The beautiful county of Cornwall voted to leave the EU. The irony in this is that Cornwall is actively trying to do all it can to promote and enhance its tourism and trade. It has received £1bn of EU aid over the past 15 years with more than £400m in the pipeline until 2020 because of its relatively weak economy. That funding has provided fibre broadband, a university, sixth form colleges, dual carriageways, airport investment, rail improvement, support for farmers and all kinds of business. So whilst the local community has voted to leave, the business community in Cornwall is going to have to work out ways of securing the investment without that vital EU support. If they don’t get it, then all of the rejuvenation projects won’t happen, which in turn means jobs will be lost, contracts cancelled, and the much-needed increase in tourism and trade will be impossible to achieve. Nothing like shooting yourself in the foot.
Our world in 2016 is constantly looking forwards. Outwards. Upwards. And beyond. But the vote to leave the EU just feels like we are now stepping backwards. Backwards to a time so beloved by our parents. A place that had far less – if any – of the connectivity that our generation has conceived and grown accustomed to. So whilst the rest of the world is looking outwards and forwards, little Britain is heading back to a time that most of us weren’t even alive to remember. The grass is always greener after all. Even grass that is 50 years old.
But it simply isn’t the same world that our parents want to take us back to. Since many of them retired, things have changed in the world of work beyond their recognition and comprehension. They’re constantly changing too. And that’s just the way it should be – each generation moving things on using learnings from the previous generations. Making things better. Or so we thought.
Let’s not forget that many countries thrive having on independence. But most of those nations are geographically huge. And Switzerland has always operated on its own agenda. Our generation has grown up in an inclusive and open Europe – everything we’ve learned has been with this in mind.
The majority of people that will be taking Britain forward through this period of uncertainty over the next 20 years will be those under the age of 50. Of those, YouGov say that 75% of 18-24 year olds and 56% of 25-49 year olds voted Remain.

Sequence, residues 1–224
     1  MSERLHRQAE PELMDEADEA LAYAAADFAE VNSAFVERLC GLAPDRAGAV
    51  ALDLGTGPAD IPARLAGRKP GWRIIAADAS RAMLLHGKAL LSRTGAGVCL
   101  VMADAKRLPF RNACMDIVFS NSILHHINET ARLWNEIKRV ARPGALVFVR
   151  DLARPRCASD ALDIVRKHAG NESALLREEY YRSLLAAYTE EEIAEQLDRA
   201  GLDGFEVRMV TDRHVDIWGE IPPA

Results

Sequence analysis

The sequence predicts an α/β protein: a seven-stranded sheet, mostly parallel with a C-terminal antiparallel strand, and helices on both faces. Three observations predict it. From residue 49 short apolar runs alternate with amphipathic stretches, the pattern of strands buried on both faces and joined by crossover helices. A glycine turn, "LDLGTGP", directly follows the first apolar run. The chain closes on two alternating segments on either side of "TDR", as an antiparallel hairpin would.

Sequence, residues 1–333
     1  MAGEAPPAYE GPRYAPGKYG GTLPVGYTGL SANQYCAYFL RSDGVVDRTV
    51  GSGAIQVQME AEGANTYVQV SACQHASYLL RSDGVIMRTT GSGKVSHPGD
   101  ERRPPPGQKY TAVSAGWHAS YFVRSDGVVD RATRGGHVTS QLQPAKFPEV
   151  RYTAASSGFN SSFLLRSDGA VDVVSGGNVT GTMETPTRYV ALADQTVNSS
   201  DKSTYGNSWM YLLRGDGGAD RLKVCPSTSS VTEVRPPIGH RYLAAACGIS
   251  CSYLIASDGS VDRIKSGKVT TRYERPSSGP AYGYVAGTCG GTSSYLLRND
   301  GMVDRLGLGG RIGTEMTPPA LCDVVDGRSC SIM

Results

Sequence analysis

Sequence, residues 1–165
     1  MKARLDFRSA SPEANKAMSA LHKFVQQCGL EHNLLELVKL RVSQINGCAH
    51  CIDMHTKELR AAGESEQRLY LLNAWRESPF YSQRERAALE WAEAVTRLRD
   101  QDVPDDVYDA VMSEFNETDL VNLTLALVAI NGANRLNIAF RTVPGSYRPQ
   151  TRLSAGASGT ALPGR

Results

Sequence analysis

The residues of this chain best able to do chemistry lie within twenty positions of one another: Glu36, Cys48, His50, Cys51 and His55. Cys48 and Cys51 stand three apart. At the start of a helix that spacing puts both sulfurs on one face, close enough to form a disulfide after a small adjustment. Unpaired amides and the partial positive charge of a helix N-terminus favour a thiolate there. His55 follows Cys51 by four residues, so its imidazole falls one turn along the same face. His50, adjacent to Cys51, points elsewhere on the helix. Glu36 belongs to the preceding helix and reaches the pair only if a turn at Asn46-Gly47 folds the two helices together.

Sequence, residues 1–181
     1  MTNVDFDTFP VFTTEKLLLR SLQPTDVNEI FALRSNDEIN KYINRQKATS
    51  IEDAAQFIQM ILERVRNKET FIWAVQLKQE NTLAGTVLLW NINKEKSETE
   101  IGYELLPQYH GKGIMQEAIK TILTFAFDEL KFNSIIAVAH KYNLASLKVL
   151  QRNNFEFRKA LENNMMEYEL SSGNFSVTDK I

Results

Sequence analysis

Interestingly, should we have opened the vote to 16 and 17 year olds – as Scotland did in their 2014 Referendum – the result could have been so very different. Online forum The Student Room conducted a poll – on the day the Brexit result was revealed – to find that 82% of voters in the age group wanted to Remain. With 82% of the 1.46million 16 and 17-year-olds in the UK voting Remain – the number would have matched the 1.2 million difference between Out and In.
And that’s what makes me (and all of my peers) feel so very frustrated – because Britain feels like it’s on the brink of taking a huge uncertain step backwards, and the decision to make that step wasn’t born out of facts, it was born out of very individual, narrow minded hunches that good old Blighty will be better off doing things like it did it 50 years ago. But the people that will be living with the impact of this referendum the longest weren’t even alive way back then. They shouldn’t be forced to go backwards and adopt the life of earlier generations – for thousands of reasons. They want to be part of an international community, based on peace, collaboration and connectivity – far different to the world of 50 years ago.
But we have to look forward now. What’s done is done. There are enough brilliant people in our country – from all walks of life, and from within every county – to get us out of this mire.
So let’s embrace this new dawn that has been thrust upon us. Let’s take all of the opportunities that the people outside of London and Scotland are telling us will be there. Let’s not complain about anything any more – because this is what we’ve all decided we want for our country. Let’s go back to the drawing board. Let’s do our collective best to make this work. Because we simply HAVE to make us a United Kingdom again.